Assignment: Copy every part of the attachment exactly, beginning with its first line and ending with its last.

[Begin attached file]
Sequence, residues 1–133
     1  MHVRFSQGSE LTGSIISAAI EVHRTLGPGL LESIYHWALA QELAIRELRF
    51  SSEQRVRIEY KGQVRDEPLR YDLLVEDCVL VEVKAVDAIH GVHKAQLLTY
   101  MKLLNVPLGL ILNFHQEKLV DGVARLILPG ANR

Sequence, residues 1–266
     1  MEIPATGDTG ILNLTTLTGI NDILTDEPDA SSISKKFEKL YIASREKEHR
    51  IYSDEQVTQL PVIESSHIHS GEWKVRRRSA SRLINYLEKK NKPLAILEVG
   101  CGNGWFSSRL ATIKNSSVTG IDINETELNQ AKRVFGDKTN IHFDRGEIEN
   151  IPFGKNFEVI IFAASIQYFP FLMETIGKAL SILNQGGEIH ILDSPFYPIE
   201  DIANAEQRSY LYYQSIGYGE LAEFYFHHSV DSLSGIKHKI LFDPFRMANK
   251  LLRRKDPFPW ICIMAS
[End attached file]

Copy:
Sequence, residues 1–133
     1  MHVRFSQGSE LTGSIISAAI EVHRTLGPGL LESIYHWALA QELAIRELRF
    51  SSEQRVRIEY KGQVRDEPLR YDLLVEDCVL VEVKAVDAIH GVHKAQLLTY
   101  MKLLNVPLGL ILNFHQEKLV DGVARLILPG ANR

Sequence, residues 1–266
     1  MEIPATGDTG ILNLTTLTGI NDILTDEPDA SSISKKFEKL YIASREKEHR
    51  IYSDEQVTQL PVIESSHIHS GEWKVRRRSA SRLINYLEKK NKPLAILEVG
   101  CGNGWFSSRL ATIKNSSVTG IDINETELNQ AKRVFGDKTN IHFDRGEIEN
   151  IPFGKNFEVI IFAASIQYFP FLMETIGKAL SILNQGGEIH ILDSPFYPIE
   201  DIANAEQRSY LYYQSIGYGE LAEFYFHHSV DSLSGIKHKI LFDPFRMANK
   251  LLRRKDPFPW ICIMAS